For some reason, without any word being spoken, as many people as possible seemed to have acquired very broad-brimmed hats. Those who hadn't were taking every opportunity to glance upwards. Beyond the curtain, Herr Trubelmacher launched the overture. Enrico, who had been chewing a chicken leg, carefully put the bone on a plate and nodded. The waiting stage-hand dashed off. The opera had begun. Mrs Plinge reached the bottom of the grand staircase and hung on to the banister, panting. The opera had started. There was no one around. And no sounds of pursuit, either. She straightened up, and tried to get her breath back. 'Coo-ee, Mrs Plinge!' Nanny Ogg, waving the champagne bottle like a club, was already travelling at speed when she hit the first turn in the banister, but she leaned like a professional and kept her balance as she went into the straight, and then tilted again for the next curve. . . . . .which left only the big gilt statue at the bottom. It is the fate of all banisters worth sliding down that there is something nasty waiting at the far end. But Nanny Ogg's response was superb. She swung a leg over as she hurtled downwards and pushed herself off, her nailed boots leaving grooves in the marble as she spun to a halt in front of the old woman. Mrs Plinge was lifted off her feet and carried into the shadows behind another statue. 'You don't want to try and outrun me, Mrs Plinge,' Nanny whispered, as she clamped a hand firmly over Mrs Plinge's mouth. 'You just want to wait here quietly with me. And don't go thinking I'm nice. I'm only nice compared to Esme, but so is practic'ly everyone. . .'
'Mmf!' With one hand tightly around Mrs Plinge's arm and another over her mouth, Nanny peered round the statue. She could hear the singing, far off: Nothing else happened. After a while, she started to fret. Perhaps he'd taken fright. Perhaps Mrs Plinge had left him some sort of signal. Perhaps he'd decided that the world was currently too dangerous for Ghosts, although Nanny doubted he could ever decide that. . . At this rate the first act would be over before- A door opened somewhere. A lanky figure in a black suit and a ridiculous beret crossed the foyer and went up the stairs. At the top, they saw it turn in the direction of the Boxes and disappear. 'Y'see,' said Nanny, trying to get the stiffness out of her limbs, 'the thing about Esme is, she's stupid. . .'
'. . .so she thinks that the most obvious way, d'y'see, for the Ghost to get in and out of the Box is through the door. If you can't find a secret panel, she reckons, it's because it ain't there. A secret panel that ain't there is the best kind there is, the reason bein', no bugger can find it. That's where you people all think too operatic, see? You're all cooped up in this place, listening to daft plots what don't make sense, and I reckon it does something to your minds. People can't find a trapdoor so they say, oh, deary me, what a hidden trapdoor it must be. Whereas a normal person, e.g., me and Esme, we'd say: Maybe there ain't one, then. And the best way for the Ghost to get around the place without being seen is for him to be seen and not noticed. Especially if he's got keys. People don't notice Walter. They looks the other way.' She gently released her grip. 'Now, I don't blame you, Mrs Plinge, 'cos I'd do the same for one of mine, but you'd have done better to trust Esme right at the start. She'll help you if she can.'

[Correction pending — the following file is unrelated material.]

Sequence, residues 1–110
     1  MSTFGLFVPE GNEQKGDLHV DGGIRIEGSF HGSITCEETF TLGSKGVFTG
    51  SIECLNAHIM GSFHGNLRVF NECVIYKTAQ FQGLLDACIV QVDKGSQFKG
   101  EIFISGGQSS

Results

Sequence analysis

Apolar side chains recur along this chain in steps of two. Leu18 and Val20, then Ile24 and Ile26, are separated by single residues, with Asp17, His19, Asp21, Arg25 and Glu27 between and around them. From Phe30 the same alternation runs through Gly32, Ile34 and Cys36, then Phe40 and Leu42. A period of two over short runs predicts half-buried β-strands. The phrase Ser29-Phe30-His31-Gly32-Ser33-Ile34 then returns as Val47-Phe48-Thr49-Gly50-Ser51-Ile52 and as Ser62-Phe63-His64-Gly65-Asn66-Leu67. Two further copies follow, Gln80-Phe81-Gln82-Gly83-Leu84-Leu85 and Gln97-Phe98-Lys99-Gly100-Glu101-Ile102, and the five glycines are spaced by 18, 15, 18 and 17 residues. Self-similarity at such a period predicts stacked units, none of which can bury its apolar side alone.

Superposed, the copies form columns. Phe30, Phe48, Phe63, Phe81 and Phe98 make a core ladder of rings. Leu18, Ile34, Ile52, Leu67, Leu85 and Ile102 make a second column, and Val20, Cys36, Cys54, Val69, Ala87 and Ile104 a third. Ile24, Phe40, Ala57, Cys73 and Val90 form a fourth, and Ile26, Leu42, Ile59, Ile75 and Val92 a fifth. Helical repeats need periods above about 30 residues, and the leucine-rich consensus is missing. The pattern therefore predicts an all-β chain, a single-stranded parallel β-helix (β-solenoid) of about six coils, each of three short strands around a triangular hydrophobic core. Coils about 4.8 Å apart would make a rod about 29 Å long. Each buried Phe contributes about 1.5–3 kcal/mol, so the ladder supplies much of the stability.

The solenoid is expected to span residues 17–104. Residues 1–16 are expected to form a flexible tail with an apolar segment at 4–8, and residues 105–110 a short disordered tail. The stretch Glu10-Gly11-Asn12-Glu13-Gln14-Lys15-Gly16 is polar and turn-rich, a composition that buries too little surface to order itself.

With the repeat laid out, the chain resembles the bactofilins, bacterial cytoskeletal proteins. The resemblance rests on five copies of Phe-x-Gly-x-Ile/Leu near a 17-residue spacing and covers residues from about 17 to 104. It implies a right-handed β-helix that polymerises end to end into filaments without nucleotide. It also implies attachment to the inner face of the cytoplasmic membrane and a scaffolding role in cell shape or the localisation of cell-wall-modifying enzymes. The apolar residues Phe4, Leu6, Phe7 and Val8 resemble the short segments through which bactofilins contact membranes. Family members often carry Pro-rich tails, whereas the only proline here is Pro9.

Nanny let Mrs Plinge go, but kept a grip on the champagne bottle, just in case. 'What if she can't?' said Mrs Plinge bitterly. 'You think Walter did those murders?'
'He's a good boy!'
'I'm sure that's the same as a “no”, isn't it?'
'They'll put him in prison!'
'If he done them murders, Esme won't let that happen,' said Nanny. Something sank into Mrs Plinge's not very alert mind. 'What do you mean, she won't let that happen?' she said. 'I mean,' said Nanny, 'that if you throw yourself on Esme's mercy, you better be damn' sure you deserve to bounce.'
'Oh, Mrs Ogg!'
'Now, don't you worry about anything,' said Nanny, perhaps a little late under the circumstances. It occurred to her that the immediate future might be a little bit easier on everyone if Mrs Plinge got some well- earned rest. She fumbled in her clothing and produced a bottle, half-full of some cloudy orange liquid. 'I'll just give you a sip of a little something to calm your nerves. . .'
'What is it?'
'It's a sort of tonic,' said Nanny. She flicked the cork out with her thumb; on the ceiling above her, the paint crinkled. 'It's made from apples. Well. . . mainly apples. . .' Walter Plinge stopped outside Box Eight and looked around. Then he removed his beret and pulled out the mask. The beret went into his pocket. He straightened up, and it looked very much as though Walter Plinge with the mask on was several inches taller. He took a key from his pocket and unlocked the door, and the figure that stepped into the Box did not move like Walter Plinge. It moved as though every nerve and muscle were under full and athletic control. The sounds of the opera filled the Box. The walls had been lined with red velvet and were hung with curtains. The chairs were high and well padded. The Ghost slipped into one of them and settled down. A figure leaned forward out of the other chair and said, 'You carrn't havve my fisssh eggs!' The Ghost leapt up. The door clicked behind him. Granny stepped out from the curtains. 'Well, well, we meet again,' she said. He backed away to the edge of the Box. 'I shouldn't think you could jump,' said Granny. 'It's a long way down.' She focused her best stare on the white mask. 'And now, Mister Ghost-' He sprang back on to the edge of the Box, saluted Granny flamboyantly, and leapt upwards. Granny blinked. Up until now the Stare had always worked. . . 'Too damn' dark,' she muttered. 'Greebo!' The bowl of caviar flew out of his nervous fingers and caused a Fortean experience somewhere in the Stalls. 'Yess, Gran-ny!'